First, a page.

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President Joe Biden began his election campaign in a union hall in Pittsburgh and pledged on the eve of the election to be “the most pro-union president you’ve even seen.” As immediate evidence of his intent to make good on that pledge, it is being reported that one of his first acts as president (the email taking this action was apparently sent at 12:23 p.m. on January 20, 2021) was to ask for the resignation of National Labor Relations Board General Counsel Peter Robb. The president apparently gave Robb until 5 p.m. on January 20, 2021, to resign or be fired.

The Senate confirmed Robb in 2017, and he is serving a term that does not expire until November 17, 2021. Despite having functioned in a fashion similar to all recent NLRB general counsels (GC)—including several recent labor minded GCs who took similar actions but obviously on the opposite philosophical side—Robb drew the ire of many in labor and the congressmen who support them. As a result, those same labor leaders have been calling for Biden to immediately oust Robb (either by resignation or termination).

Only one other NLRB GC has been asked to leave under similar circumstances and that was in 1950, when President Truman made that request of Robert Denham. Denham subsequently voluntarily resigned. More recently, Democrat and union attorney Richard F. Griffin Jr., who President Obama appointed, served 10 months under President Donald Trump. Ronald Meisburg, a Republican who President George W. Bush appointed, served for more than 1 year under President Obama.

Robb quickly declined this request, citing its unprecedented nature and the impact this action would have both on the independent nature of the Board’s GC and the “unfortunate precedent for labor relations.” It is not clear whether Robb remains in place or whether he has been terminated as a result of his refusal to resign—that will likely become clear in the next few days.

Updated on January 21, 2021

After receiving Peter Robb’s letter refusing to resign voluntarily, President Biden followed through on his threat to terminate the National Labor Relations Board general counsel nearly 11 months before his term was set to expire. This is the first time a new president has removed a sitting Board general counsel. Since this specific action has never been taken or challenged in the past, there is a difference of opinion as to whether this action is proper. We will have to wait to see if Robb or anyone else seeks to challenge President Biden’s decision.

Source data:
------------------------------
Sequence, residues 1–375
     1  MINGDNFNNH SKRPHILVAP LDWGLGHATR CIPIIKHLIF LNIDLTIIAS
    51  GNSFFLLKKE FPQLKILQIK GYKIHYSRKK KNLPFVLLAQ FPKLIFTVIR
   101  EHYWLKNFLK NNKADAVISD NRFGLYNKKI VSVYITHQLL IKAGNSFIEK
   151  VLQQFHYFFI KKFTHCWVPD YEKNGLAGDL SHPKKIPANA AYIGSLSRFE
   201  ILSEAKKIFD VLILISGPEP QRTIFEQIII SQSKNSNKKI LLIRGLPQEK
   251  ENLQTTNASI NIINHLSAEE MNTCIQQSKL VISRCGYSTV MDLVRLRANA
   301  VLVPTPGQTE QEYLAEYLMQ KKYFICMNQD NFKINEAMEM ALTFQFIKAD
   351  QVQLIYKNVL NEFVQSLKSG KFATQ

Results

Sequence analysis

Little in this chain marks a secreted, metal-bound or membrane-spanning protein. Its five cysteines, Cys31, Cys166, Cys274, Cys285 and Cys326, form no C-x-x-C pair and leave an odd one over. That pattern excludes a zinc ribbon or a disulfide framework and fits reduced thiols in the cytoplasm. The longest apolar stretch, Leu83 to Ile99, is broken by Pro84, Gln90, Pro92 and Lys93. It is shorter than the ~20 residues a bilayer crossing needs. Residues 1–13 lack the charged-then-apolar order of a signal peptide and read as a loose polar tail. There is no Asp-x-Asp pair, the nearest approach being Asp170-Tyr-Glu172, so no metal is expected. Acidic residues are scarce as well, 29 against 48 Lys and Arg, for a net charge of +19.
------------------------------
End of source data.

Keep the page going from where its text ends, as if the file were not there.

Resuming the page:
In another day-one move, President Biden named lone Democrat Board member, Lauren McFerran, as chair, replacing Republican John Ring. President Biden is expected to nominate another Democrat to fill the fifth seat that is currently open. He is also likely to quickly nominate a replacement for Robb. With Democrats in control of the Senate, those nominations are likely to move relatively quickly.

Given this development, many may be asking what a Biden presidency with Democratic control of the Congress will mean for labor policy. Change, for sure, but how much, only time will tell. Suffice it to say, many of the most powerful leaders in the labor movement expect more than they got in 2008 with the failed Employee Free Choice Act and all expect President Biden to follow through on his promises. Check back on Ogletree Deakins’ Traditional Labor Relations blog for my forthcoming article summarizing a white paper written by Ogletree Deakins shareholder, and former NLRB member, Brian E. Hayes on what he sees on the horizon. Likewise, Ruthie L. Goodboe (who co-chairs the Traditional Labor Relations Practice Group) and I will discuss this topic on the next installment of her Third Thursdays podcast series, which will be available on January 21, 2021. Please stay tuned.


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Traditional Labor Relations

The attorneys in Ogletree Deakins’ Traditional Labor Practice Group have vast experience in complex and sophisticated traditional labor law matters. This includes experience advising and representing employers of all sizes and across virtually all industries in connection with union representation campaigns, collective bargaining negotiations, strike preparations, labor arbitrations, and National Labor Relations Board proceedings.

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